AROUND THIS TIME every summer, during my teenage years, my father would take me canoeing on Sugar Creek in Parke County. He would invariably upset the canoe, usually in the deepest, darkest pools where tangled clumps of snakes were mating. I was a poor swimmer and would thrash around, ingesting large amounts of water while my father busied himself saving the cooler. It was always just me and my father, and when both of us would return home, I’d sense a palpable air of disappointment. In my absence, my chest of drawers had been cleaned out, my bicycle sold, my bedroom taken over by my brother Glenn. There was something afoot, some darkness I couldn’t quite name. As you might imagine, this soured me on canoeing, though every now and then I forget how much canoeing sucks and drive to Parke County, rent a canoe, and spend the day paddling down Sugar Creek, slapping at mosquitoes, careening from one boulder to another, finally beaching around sundown to be driven back to my car in a used prison bus with 20 other damp, disillusioned souls.
There are some things better in theory than in actual practice, and canoeing is one of them. I realized this on a recent trip to Alaska when my wife, son, and daughter-in-law persuaded me to spend a day paddling around what can only be described as an uphill lake, where I expended untold energy making no discernible progress. The canoe might well have been a technological marvel when it was first invented, but it should have been retired in 1907 when Ole Evinrude, may his name be praised, invented the outboard motor.
When our Alaskan son was 14, he bartered for a used canoe that sat on sawhorses behind our woodpile. His brother, who has always had an expansive view of community property, traded it for a bass boat, which he still has and uses once a year to hunt geese at Frank Gladden’s pond. He shoots from a blind on the shore, watches as the goose spirals into the water like a stricken aircraft from World War II, climbs in the boat, retrieves the goose, then repeats the process until he has reached his limit. He takes his dog, Hank, with him, talking him through it, hoping Hank will get with the plan and take over the retrieving. But Hank never does, having no more use for water work than I do.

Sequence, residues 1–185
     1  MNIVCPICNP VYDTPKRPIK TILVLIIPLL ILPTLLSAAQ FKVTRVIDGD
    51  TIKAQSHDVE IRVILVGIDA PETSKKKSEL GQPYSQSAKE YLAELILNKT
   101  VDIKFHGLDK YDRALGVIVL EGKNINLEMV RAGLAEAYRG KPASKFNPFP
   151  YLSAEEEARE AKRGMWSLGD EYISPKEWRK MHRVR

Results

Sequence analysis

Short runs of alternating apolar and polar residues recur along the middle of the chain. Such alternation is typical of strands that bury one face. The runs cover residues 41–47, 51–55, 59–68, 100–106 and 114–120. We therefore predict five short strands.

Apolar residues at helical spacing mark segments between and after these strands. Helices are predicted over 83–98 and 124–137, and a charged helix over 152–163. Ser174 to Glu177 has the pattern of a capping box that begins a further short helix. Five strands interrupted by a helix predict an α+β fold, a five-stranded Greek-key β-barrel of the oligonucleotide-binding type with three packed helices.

While I hold the canoe in contempt, some boats appeal to me. My buddy, Dave, keeps a small houseboat at Patoka Lake, and from time to time, he cruises to a quiet alcove, shuts off the motor, drops the anchor, and enjoys a quiet evening with his wife and dog. I’m for any boat that permits me to nap, and I’ve often thought of buying my own little houseboat and seeking out my own quiet alcove, though Dave cautions against it, saying the two happiest days in a boater’s life are the day he purchases a boat and the day he sells it. He reminds me that the word “boat” is an acronym for “break out another thousand.” On the other hand, Dave loves the simplicity of the canoe, and even built one, a comely cedar vessel as striking as any sculpture. I’ve offered to take it off his hands, should he wish to part with it, but so far he has resisted my generosity. I wouldn’t use it, of course. I’d hang it in the vaulted ceiling at my farmhouse as a reminder of the hazards of canoeing.
It’s not just canoes that are dangerous. Another friend, Jim, is an avid sailor, despite his boat trying to kill him several times, most recently at Eagle Creek Reservoir when the boom swung around and coldcocked him, shattering his jaw into several pieces. The doctor said if the boom had struck an inch higher, Jim would have lost an eye. I was in Danville at the time, so the boom missed me by 20 miles, which is my preferred minimum distance from peril.
When I was a child, several years before our late-summer jaunts, my father carved a toy canoe for me from a block of scrap lumber. It was finely balanced and righted itself perfectly in the bathtub whenever I sunk it in battle. For the several years I owned it, I was the cleanest child in Danville, and would have been well advised to limit my sailing to the bathtub, the most pacific of waters.